spotlight Sarah Edmondson

This year AMZ Creative will periodically feature someone from the industry, and just talk about life.  This week, AMZ got to talk with Vancouver based actress Sarah Edmondson…


AMZ: What moves you as an artist and why?

SE: I am most moved as an artist to tell stories… to express aspects of the human condition through film and theatre that allow the audience to feel those struggles deeply and to hopefully offer a cathartic experience whereby they are moved emotionally or are able to have a shift in consciousness. I remember seeing a play when I was young, about a family that was very different from my own. I don’t remember the piece, or the plot, but I remember the feeling I had afterwards—deep sadness and joy. I knew then that I wanted to be an actor, to create art that allows people to feel deeply and to connect with parts of themselves (and the world) they had been otherwise unable to experience. In turn, I evaluate art by these criteria. If I am not moved emotionally, I don’t find the art effective as art. The extent to which I am moved is my personal gauge to critique its quality. Of course I recognize this way of measuring is completely subjective, but at the same time am constantly amazed at the universal language of our collective human experience.



AMZ: How does art relate to human experience, and what does that mean to you?


SE: Art allows us to know ourselves better through the lens of another person’s perspective. Our breadth and depth of self-knowledge increases, as does our understanding of our oneness as the human team. To enhance the human experience is to embark on a journey of self-discovery and to learn to become present, solid and aware of the interconnectedness of all things. It’s my greatest joy to play ANY part to enhance our collective human experience, whether that part be a role on stage or in film, or my role in real life as a friend, mentor, or in other capacities.


I had the opportunity once to play the role of Lucie in a wonderful play called “Wedgie.” This character was painfully awkward and wanted so much to fit in with her peers. Not only was I able to heal some aspects of my own challenges from childhood, but I was also able to portray Lucie’s journey to our young audience. The most significant moment of that production for me was a conversation I had after the show one day when this little girl came up to me and shared how much she had learned from watching the play. She felt relief to know she was not alone in feeling so separate and to know that she could find herself and learn to love herself. This conversation has contributed to my desire to keep performing, writing and sharing.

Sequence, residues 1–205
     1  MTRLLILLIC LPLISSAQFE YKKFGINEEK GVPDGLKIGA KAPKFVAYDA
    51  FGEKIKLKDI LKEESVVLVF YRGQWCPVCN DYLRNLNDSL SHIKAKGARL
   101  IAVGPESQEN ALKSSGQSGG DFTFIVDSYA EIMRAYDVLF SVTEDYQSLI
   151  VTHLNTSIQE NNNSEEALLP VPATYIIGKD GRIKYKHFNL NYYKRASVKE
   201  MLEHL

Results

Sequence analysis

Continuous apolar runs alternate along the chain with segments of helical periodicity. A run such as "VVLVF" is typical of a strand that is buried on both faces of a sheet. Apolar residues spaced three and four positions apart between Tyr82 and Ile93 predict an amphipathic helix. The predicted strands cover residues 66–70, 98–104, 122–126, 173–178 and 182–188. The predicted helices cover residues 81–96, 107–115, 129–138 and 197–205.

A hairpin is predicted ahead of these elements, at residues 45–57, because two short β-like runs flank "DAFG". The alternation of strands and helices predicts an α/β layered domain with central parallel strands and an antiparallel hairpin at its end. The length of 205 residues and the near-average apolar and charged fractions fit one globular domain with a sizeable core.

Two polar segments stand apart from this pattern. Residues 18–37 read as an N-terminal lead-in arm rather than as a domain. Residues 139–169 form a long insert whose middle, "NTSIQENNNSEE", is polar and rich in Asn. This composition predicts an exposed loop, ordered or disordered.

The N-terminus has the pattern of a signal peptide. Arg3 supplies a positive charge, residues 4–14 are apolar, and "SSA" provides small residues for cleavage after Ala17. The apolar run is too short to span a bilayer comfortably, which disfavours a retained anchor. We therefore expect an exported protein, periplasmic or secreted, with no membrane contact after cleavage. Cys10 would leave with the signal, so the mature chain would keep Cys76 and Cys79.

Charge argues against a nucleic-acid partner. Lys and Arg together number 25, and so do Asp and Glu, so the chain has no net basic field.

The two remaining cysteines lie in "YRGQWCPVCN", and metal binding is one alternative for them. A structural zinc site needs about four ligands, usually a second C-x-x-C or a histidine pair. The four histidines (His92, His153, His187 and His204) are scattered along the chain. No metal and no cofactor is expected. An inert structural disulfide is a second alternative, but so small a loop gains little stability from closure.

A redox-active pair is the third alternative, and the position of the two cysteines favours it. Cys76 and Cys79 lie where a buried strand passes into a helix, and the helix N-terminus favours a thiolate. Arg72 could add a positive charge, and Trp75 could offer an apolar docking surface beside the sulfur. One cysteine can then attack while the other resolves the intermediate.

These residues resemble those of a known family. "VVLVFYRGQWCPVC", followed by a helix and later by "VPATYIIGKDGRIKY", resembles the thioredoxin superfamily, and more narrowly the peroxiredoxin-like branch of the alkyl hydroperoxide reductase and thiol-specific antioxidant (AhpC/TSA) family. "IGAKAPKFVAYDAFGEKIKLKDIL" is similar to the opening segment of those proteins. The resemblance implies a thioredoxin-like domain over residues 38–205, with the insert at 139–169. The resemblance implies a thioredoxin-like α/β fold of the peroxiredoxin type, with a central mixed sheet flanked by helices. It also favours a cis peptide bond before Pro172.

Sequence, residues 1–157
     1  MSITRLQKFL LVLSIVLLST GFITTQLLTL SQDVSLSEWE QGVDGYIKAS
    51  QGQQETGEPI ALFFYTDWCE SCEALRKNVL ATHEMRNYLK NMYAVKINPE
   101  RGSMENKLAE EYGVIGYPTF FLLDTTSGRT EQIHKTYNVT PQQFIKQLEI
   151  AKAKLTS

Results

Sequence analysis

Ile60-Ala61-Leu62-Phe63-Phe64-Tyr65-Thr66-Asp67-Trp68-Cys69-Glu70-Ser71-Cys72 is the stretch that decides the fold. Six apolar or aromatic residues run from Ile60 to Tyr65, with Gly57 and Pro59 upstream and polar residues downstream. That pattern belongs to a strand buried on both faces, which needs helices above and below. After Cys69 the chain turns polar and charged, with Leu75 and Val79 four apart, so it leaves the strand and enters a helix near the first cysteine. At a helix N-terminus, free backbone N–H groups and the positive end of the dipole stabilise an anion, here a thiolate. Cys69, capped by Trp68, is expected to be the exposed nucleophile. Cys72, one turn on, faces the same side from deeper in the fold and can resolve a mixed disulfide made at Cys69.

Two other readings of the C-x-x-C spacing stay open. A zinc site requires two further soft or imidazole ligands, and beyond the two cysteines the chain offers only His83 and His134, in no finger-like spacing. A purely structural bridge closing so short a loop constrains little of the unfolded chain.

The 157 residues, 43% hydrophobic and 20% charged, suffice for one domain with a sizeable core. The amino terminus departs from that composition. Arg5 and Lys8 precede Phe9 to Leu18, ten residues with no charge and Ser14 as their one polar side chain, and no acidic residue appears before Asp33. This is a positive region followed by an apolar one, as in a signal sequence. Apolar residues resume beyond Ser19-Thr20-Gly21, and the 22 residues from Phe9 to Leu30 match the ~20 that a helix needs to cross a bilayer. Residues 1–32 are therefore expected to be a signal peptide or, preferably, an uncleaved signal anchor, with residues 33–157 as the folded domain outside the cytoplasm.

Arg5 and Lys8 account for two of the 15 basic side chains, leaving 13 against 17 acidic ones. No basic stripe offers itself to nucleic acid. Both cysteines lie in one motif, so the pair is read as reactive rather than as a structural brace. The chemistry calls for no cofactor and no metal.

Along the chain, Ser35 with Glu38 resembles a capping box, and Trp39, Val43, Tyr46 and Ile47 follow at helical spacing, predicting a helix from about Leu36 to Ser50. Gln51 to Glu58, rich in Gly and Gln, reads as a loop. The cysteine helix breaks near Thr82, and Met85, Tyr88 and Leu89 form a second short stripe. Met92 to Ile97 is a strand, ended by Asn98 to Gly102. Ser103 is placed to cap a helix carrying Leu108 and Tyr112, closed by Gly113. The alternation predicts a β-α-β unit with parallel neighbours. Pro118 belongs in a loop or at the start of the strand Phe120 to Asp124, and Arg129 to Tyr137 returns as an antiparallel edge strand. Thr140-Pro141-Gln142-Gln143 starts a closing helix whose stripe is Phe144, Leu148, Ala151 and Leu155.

AMZ: What are you currently working on?


SE: Myself! I have been doing a lot of personal growth recently. I find working on myself deepens my expression as an actor and helps me feel more grounded when I audition and perform. I am getting clearer on what’s important to me and the kind of work I want to do: Films to benefit people and the world as a whole. I wrote a solo show, called “Dead Bird” that I turned into a short film. I would like to take the project further this year and learn more about the process of film production… The journey continues.



2 Responses to “spotlight Sarah Edmondson”

  1. Jennifer G. Says:

    I’m not often moved by interviews, though those were inspiring words. It’s wonderful to have such a person in society these days – such people seem so few and far between that it’s saddening. Thank you for interviewing such an interesting individual. I look fowward to seeing more on her journey in the future.

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